Friday 18 January 2019
One of the biggest obstacles to reducing the rate of unplanned pregnancies is the lack of sex education in schools. If more teenagers had access to sex education and contraception, fewer girls would have their lives interrupted by pregnancy. Only by empowering women and girls with the resources to control their reproduction will the grim statistics that have long burdened Guyana – and many other countries – begin to change for the better. By Patricee Douglas
Monday 14 January 2019
New York, USA
In a world divided by conflict and greed, the Global Fund’s fight against AIDS, tuberculosis, and malaria is a matter of enlightened self-interest and a reminder of how much humanity can accomplish when we cooperate to save lives. For public and private donors, that means providing the financing needed to eliminate all three scourges by 2030.
Monday 1 October 2018
Over 30 cases of breast cancer are diagnosed in Tonga every year, Dr Amelia Afuhaamango Tu‘ipulotu told the Tonga Breast Cancer Society this morning, October 1, at the launch of their Pink October breast cancer awareness campaign. “The number may be higher because many women do not come forward,” she said.
Friday 17 August 2018
Ambulances, vehicles and medical equipment worth $1.8m pa’anga was handed over to Tonga’s Ministry of Health by the Japanese Government on Wednesday, 15 August.
Tuesday 7 August 2018
Student nurses from the University of Sydney and the University of Canberra are undertaking professional placements at Vaiola Hospital and village clinics in Tonga as part of Australia’s New Colombo Plan.
Monday 14 May 2018
New York, USA
For decades, the global health community has paid lip service to the critical role of unequal power relations, particularly relating to gender, in determining health outcomes. A recent report by the advocacy and accountability group Global Health 50/50 which reviewed 140 organizations working in the global health sector, makes for disturbing reading....The situation is even worse for men and boys, who, regardless of country, can expect to live shorter, unhealthier lives than their female peers. According to the report, only a third of organizations take a gendered approach to the health needs of the whole population, and no organizations target men and boys specifically. By Helen Clark and Sania Nishtar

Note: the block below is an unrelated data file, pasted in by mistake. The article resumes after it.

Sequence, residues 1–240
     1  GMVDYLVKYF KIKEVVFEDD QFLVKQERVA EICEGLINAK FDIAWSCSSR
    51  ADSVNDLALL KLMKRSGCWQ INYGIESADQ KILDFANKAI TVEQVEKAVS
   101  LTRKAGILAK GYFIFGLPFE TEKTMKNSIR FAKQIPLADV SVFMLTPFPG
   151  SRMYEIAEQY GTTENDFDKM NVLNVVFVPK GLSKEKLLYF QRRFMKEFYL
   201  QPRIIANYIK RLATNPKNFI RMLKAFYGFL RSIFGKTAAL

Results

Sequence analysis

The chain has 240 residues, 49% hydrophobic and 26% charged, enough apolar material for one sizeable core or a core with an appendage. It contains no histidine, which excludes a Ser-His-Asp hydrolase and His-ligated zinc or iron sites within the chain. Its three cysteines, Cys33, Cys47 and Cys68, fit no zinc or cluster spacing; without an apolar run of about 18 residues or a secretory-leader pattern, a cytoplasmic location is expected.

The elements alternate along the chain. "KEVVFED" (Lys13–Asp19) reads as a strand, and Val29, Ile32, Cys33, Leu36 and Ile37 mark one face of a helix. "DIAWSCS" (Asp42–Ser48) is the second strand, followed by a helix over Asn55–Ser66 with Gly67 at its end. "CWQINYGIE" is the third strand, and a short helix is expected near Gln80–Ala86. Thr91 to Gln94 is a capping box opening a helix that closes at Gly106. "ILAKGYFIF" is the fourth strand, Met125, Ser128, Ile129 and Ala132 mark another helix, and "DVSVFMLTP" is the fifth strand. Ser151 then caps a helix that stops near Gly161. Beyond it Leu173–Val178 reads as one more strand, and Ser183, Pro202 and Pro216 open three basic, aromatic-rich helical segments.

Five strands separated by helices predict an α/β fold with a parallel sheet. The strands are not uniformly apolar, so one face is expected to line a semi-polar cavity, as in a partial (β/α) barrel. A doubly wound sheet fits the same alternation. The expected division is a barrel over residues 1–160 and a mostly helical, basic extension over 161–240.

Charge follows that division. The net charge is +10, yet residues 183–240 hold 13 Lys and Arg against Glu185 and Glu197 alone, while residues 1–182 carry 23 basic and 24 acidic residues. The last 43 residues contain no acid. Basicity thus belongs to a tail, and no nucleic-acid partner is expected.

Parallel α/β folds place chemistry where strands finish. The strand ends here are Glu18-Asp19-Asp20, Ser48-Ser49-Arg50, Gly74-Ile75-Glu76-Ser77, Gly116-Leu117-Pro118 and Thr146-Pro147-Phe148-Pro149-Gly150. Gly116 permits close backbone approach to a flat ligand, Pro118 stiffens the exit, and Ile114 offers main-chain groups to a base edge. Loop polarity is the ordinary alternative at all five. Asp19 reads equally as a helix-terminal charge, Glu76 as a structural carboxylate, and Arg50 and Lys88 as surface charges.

Wednesday 25 April 2018
Ending an epidemic is a marathon undertaking, and in the case of malaria, we are nearing the finish line. But we will need to keep up the momentum. Still, mounting challenges such as drug and insecticide resistance threaten to reverse the progress we have made. For two consecutive years now, malaria deaths have risen, while funding has flatlined. This year’s World Malaria Day (April 25) should thus spur a redoubling of our efforts. Eradicating malaria will require new medical and health-policy solutions as well as stronger political will.
Wednesday 21 March 2018
Discussions around the overall health and safety of Pacific Islands impacted by extreme weather events induced by climate change were discussed at a World Health Organization (WHO) meeting last week over two days on 15 and 16 March in Suva, Fiji.
Wednesday 28 February 2018
Massachusetts, United States
The speculation spreads every time an older politician of either party blunders verbally or seems to lose the thread: Is it Alzheimer's? Early dementia? Impaired judgment? At a recent Harvard Law School Petrie-Flom Center forum called "Dementia and Democracy" Professor Francis Shen of the Center for Law, Brain and Behavior made a point: Politicians, who have huge advantages as incumbents, and federal judges, who serve for life, tend to stay on the job well past typical retirement ages. But their cognitive failings can often be very difficult to pin down. So what is to be done? By Carey Goldberg.